There’s a great conversation going on over at the Facebook page today, centered on this vastly irritating op-ed in the New York Times stating that it is “nearly impossible for a single parent or even two parents working full time to cook every meal from scratch.” Let’s set aside the fact that people without kids, married or single, can find themselves too busy to cook just as often as their child-rearing friends, and focus on the real problem with the piece: the premise that it is nearly impossible to cook every meal from scratch.
I call bullshit. Certainly no one explained this to my Mom, who worked full-time as a waitress nights & weekends, while raising three kids and putting from-scratch meal after from-scratch meal on the table, day in and day out. Certainly no one explained this to my Dad, who worked 12 and 13-hour days as an accountant in the city, yet always managed to be home by 6:30 pm for dinner with us kids. Certainly no one explained it to me, when I spent a month taking care of a dear friend’s three year-old a few years ago, and cooked three squares a day for her, myself and her grandmother, all the while cramming my own 8-hour work day into the evening hours after she had gone to bed. And certainly no one explained it to the thousands of you who make the choice to cook from-scratch, whole food meals, day in and day out, despite living busy, active and yes, sometimes hectic lives.
Ah, there’s that word: choice. All too often, I fear, we like to abdicate responsibility, to exclaim, “I literally don’t have a choice!” Literally, you do. We all make choices each and every day: the choice to get out of bed and go to work (or not), the choice to iron that shirt or look rumpled (or ditch it entirely for a sweater), the choice to grab an apple from the fridge, to get up 15 minutes earlier and make oatmeal or scrambled eggs, or to simply pick up a latte and danish on the way into work.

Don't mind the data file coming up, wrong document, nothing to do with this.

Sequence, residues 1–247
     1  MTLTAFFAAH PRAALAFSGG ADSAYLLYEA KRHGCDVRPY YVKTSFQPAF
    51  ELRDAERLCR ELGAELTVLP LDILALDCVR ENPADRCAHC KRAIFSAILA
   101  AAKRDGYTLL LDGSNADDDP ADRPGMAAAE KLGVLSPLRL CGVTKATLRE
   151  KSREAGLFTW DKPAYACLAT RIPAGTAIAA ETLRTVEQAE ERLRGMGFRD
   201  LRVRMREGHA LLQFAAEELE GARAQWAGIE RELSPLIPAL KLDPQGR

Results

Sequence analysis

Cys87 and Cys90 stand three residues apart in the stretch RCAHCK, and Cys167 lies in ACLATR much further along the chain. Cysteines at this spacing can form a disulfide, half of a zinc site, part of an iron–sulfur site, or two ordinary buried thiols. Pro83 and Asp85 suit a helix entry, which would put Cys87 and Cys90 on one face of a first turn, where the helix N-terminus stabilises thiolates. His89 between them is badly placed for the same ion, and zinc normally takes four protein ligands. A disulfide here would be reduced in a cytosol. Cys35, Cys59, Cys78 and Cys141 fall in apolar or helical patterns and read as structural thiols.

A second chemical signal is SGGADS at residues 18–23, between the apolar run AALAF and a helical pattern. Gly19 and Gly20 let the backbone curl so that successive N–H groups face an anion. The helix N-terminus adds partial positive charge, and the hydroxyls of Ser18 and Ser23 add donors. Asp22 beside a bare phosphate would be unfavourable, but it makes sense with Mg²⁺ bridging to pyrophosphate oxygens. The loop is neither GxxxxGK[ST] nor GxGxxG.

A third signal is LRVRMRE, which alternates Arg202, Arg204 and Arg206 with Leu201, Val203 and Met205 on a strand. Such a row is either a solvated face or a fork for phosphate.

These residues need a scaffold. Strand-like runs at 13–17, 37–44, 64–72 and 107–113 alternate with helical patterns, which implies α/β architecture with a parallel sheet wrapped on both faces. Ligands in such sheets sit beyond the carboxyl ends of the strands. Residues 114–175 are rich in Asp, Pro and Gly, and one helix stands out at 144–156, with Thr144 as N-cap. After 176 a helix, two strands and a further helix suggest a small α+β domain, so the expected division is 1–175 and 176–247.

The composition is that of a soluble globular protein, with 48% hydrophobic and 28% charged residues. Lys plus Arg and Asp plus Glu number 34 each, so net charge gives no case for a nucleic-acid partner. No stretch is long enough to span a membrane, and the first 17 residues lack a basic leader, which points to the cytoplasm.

Choice: it’s a volatile word. Heady. Controversial in its implication that it’s not society, or the government, your parents or your god who is to blame if something is going wrong in your life: it is you. Your choice. Someone will invariably bring up the working poor, and how they have no choice: no choice but to work long hours for shitty pay, no choice but to shop at the corner bodega in their food desert neighborhood, no choice but to skip meals and grab takeout and fill up on the cheapest, least nutritious calories available. And yes, I have to agree: in a country where wealth can basically be defined as the extent to which your choices are limited – or not – the poor get the short end of the stick in the choice department. But they still make choices, just like everyone else. And make no mistake: cooking is a choice. We choose to cook, or we don’t. And don’t think I’m judging you if you choose not to cook: I’ve spent long and happy periods of my life choosing not to cook at all. But I am judging you if you tell me that you don’t have a choice; because that, my friends, is bullshit.